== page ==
1. Natural gas prices remain linked to oil prices and as the world come out of recession demand for natural gas and oil will increase. Most of the UK’s electricity is generated by natural gas. Most of the UK’s heating is provided by natural gas.
  2. Natural gas remains a regionally priced commodity whereas oil is an internally price commodity. Most of the UK’s natural gas comes from European sources, as natural gas production in the North Sea declines.
  3. As with any regionally priced commodity prices are high when demand is high and low when demand is low. Demand is always higher in winter, and there is still very little natural gas storage in the UK. We and the energy companies therefore los the opportunity to buy and store natural gas in summer when the prices are low.
  4. We have been reducing the “spare” electrical generating capacity for many years. If we are to avoid the possibility of power cuts we ought to have a “spare” capacity of around 50%, so as to cover for a very cold long winter. At the moment we have about 14% spare capacity and OFGEM, the regulator, expects this to fall to 4% in 2015.
  5. We have closed our coal burning power stations rather quickly, and although OFGEM appears to blame EU legislation for this, the truth is that the UK has been rightly closing coal burning power stations for years. What the government have not done is to build sufficient new power stations. I know that many think that governments in the UK do not build power stations – that is the job of the generating companies – but in truth the generating companies will only build power stations if they receive huge government subsidies. The government has very little tax payers’ money left and therefore no there are no subsidies as one by one the generating companies refuse to take the commercial risks of building new nuclear power plants.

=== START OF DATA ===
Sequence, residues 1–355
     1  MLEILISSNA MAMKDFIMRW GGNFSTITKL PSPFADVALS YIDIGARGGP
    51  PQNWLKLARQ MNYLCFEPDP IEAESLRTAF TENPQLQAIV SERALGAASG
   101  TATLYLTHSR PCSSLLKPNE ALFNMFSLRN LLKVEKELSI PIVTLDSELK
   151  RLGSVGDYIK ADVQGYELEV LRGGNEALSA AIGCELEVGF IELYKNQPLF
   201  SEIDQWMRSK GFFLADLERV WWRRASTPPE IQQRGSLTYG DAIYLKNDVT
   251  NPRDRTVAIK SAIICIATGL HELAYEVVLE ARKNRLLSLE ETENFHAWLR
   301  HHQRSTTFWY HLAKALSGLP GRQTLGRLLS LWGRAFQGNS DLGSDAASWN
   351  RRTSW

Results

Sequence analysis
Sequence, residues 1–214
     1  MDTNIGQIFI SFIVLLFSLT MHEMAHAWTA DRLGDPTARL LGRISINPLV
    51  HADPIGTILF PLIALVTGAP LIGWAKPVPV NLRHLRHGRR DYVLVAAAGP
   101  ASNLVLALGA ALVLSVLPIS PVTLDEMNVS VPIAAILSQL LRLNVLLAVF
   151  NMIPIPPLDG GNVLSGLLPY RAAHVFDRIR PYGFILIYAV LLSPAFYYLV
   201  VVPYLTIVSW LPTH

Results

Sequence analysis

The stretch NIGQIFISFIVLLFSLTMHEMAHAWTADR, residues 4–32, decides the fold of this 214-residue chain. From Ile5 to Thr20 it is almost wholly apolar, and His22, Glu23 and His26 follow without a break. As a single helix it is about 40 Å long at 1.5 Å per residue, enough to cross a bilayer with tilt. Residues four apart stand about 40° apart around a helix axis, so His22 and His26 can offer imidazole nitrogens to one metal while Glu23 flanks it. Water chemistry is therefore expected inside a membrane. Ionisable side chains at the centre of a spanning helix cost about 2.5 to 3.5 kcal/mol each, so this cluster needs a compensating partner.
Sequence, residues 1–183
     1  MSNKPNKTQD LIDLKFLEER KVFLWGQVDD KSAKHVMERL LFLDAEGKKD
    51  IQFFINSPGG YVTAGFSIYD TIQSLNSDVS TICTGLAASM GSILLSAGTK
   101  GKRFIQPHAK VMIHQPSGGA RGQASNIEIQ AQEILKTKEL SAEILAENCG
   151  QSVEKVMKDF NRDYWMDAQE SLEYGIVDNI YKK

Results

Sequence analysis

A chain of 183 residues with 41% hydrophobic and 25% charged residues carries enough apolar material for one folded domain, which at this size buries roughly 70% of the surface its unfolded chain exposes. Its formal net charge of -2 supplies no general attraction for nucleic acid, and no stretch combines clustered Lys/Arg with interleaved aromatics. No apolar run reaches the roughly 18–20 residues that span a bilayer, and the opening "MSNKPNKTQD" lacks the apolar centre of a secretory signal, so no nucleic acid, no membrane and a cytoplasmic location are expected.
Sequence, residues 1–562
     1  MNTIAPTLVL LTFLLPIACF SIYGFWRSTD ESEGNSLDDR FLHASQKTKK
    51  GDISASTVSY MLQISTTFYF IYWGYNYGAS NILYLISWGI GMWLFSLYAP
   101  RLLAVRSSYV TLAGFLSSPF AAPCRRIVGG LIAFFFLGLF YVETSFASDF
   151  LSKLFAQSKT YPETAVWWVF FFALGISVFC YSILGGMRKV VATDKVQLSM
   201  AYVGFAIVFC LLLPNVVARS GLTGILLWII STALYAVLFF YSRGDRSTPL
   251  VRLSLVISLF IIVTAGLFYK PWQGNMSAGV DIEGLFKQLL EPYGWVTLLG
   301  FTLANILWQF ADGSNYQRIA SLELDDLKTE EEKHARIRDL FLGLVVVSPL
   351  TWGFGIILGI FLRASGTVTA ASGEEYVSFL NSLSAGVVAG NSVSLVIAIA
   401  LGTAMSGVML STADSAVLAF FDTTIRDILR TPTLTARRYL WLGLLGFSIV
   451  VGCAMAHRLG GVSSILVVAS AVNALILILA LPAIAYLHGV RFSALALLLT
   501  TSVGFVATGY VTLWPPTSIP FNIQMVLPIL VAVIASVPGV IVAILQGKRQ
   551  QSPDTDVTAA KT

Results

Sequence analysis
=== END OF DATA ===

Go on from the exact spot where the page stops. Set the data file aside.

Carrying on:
6. There has been insufficient investment in energy saving; the energy we require each year will be significantly less in terms of that required for space heat if we required all buildings to be properly insulated.
  7. Investment in renewable energy has been, so far, in the wrong kind of renewable energy. We have wasted much money on wind farms and photovoltaic panels which produces little effective energy saving because electricity cannot be stored but have not spent anything on solar water heating, a simple and effective technology where the energy created can be stored until it is need.

All of these factors will mean that energy – both heat and electrical – will come in increasingly short supply, which creates a perfect situation for the energy companies who can all raise their prices for something that we need and cannot generally buy elsewhere except in the case of solar water heating, where we can but the power plant and install it on our roofs.

The taxpayer will pay in higher energy prices and will risk power cuts in very cold weather, because successive governments’ failure to develop a sensible energy policy.

International Spending on Renewable Energy

If you measure climate change measures that each country adopts by money spent and targets you get a fair idea of the importance that each nation places upon climate change. Of course measuring targets is foolish; targets are fairly meaningless, can be easily fiddled and often miss the point. For example the United Kingdom Continue reading

What Energy Policy?

I listened to the United Kingdom’s Energy Minister, Mr Ed Davey, speak on the radio about the proposals for nuclear energy. He spoke about the need for investors to see a clear return on their investment within a settled and predictable framework and that by putting a levy on electricity bills investors in the nuclear industry would see a clear guaranteed return (guaranteed by the consumer no less) and would therefore invest in the building of new nuclear electricity generating plants. It is a statement which sounds logical but is full of inaccuracies and has a great measure of hypocrisy. Continue reading